The England cricket team is doing really rather well just now. They are not the best. Australia are the best. But England are well on the way to establishing themselves as the best of the rest. Yesterday they completed a fine victory against South Africa, in the first of the series of five test matches they are playing down there, having earlier in the year, in England, beaten New Zealand in 3 games out of 3 and the West Indies in 4 games out of 4. Before that they toured the West Indies and beat them 3 games out of 4, with the last game drawn. In other words, England have won 8 out of their last 8 test matches (more than any England side has ever won consecutively before), and it would have 12 out of 12 had it not been for that final game draw in the West Indies. Recent England recruit Andrew Strauss, who batted superbly, both in the game against South Africa that finished yesterday morning and throughout last summer, has now played in just 8 test matches and has been on the winning side every time. This is amazing.
All of which means that, what with England doing so well, now was a very good time for the England cricket authorities to be renegotiating the TV rights to cricket matches, and here is what they have done:
Live coverage of England’s home Test matches will no longer be available on terrestrial TV from 2006 onwards.
The England and Wales Cricket Board has awarded an exclusive four-year contract to BSkyB, which will run until 2009.
In other words, I and millions of other BBC License Fee payers will not be able to watch test cricket live on the telly without paying extra. I am selfishly unhappy about this. I like watching test cricket live on the telly, in among doing other things. Cricket is a slow game, and now that they have instant replays of anything very exciting, it mixes well with working on other things.
However, it is clear to me that the cricket people in question (the England and Wales Cricket Board – or ECB) are perfectly entitled to make this deal. If I want to go on watching their games, I will have to pay more. That is the deal they are offering, and it is up to me to decide what to do about that.
Others, however, take a more interventionist line.
Criticism of the ECB’s decision was swift. The backlash amongst cricket supporters has been fierce and the governing body stand accused of ignoring their responsibility to promote the sport at a time when the England team is enjoying great success.
Labour MP John Grogan, a Yorkshire CCC member, told the Guardian he wants the list of “crown jewel” sports, which include the FA Cup final and Olympics, to be reviewed. Cricket was removed from the protected list in 1998.
“I think it’s disastrous for English cricket,” said Grogan.
“There is a real danger (cricket) will disappear from half the public’s consciousness and youngsters will take up other sports.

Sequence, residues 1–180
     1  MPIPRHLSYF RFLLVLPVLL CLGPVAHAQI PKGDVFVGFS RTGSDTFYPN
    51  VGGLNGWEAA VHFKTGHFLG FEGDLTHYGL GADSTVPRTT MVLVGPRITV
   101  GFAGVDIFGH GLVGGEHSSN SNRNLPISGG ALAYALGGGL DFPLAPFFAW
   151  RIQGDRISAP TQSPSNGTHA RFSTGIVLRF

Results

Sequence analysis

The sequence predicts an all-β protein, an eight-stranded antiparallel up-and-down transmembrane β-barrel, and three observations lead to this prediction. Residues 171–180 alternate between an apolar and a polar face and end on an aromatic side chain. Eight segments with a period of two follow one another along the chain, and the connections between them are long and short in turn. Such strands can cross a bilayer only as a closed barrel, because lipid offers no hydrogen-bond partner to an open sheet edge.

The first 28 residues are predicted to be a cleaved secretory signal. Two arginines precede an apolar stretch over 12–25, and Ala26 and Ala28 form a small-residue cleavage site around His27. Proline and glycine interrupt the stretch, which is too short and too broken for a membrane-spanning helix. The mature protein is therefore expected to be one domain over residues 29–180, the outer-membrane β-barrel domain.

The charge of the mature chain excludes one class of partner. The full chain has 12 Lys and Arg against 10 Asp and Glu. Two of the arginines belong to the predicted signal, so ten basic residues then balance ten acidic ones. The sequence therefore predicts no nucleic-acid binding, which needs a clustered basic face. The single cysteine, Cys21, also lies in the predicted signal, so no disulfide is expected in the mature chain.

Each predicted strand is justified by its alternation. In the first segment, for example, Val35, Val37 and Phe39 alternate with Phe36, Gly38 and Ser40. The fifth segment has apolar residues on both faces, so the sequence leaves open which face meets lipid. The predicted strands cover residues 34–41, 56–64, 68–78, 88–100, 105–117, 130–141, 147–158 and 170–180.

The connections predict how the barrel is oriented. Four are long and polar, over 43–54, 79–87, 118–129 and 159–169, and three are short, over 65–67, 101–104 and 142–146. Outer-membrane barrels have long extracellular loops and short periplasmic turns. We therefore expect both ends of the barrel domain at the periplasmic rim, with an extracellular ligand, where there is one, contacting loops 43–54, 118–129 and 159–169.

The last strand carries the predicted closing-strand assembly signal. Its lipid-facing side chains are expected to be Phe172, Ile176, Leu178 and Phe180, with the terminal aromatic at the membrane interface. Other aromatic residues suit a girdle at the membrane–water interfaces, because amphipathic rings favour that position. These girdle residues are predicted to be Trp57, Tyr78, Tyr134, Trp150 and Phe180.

“The government has to review what sports are included in the listed events.”
Listed events. If you think that sounds like ‘listed buildings’, you would be right. What it means is that The Government, on behalf of The People, seizes control of various Big Sporting Events, and says that the people who have spent the last century or two organising them, and building up into the Crown Jewel Events that they have become, do not own or control them any more. Oh, they have to go on organising them. But they are no longer allowed to charge what they want to charge for their events. Which means that the events are not theirs any more. Greedy cricket supporters who, like me, want to watch cricket on the telly, but who do not want to pay what the supplier of the events is asking, are now agitating for the Government to steal test cricket from its rightful owners.
As usual, when the Government is being urged to Doing Something, the question of whether the people on the receiving end of this Something are being wise, or generous, or generally doing their jobs well, is all mixed up with whether the Government would be right to barge in and rearrange matters. But, these are two absolutely distinct matters. Maybe your taste in music is poor. Maybe you are worth more money than your employers are now willing to pay you. Maybe in refusing to marry this virtuous but rather plain girl rather than that silly but prettier one you are being both cruel and stupid. But that is a long way from saying that the government should force you to listen to better music, force your employers to pay you more than they want to, and decide who you should marry.
And maybe the ECB is serving cricket badly, by denying many of the potential next generation of England cricketers the chance to watch test cricket at an impressionable age. Maybe this is a mistake. Maybe the money they will make from the deal and which they will distribute to the England county cricket clubs, is money they should have been willing to do without. Maybe.
But – and no maybes about it – it is none of the Government’s business to be deciding on behalf of the ECB what they should charge for their product, and to whom.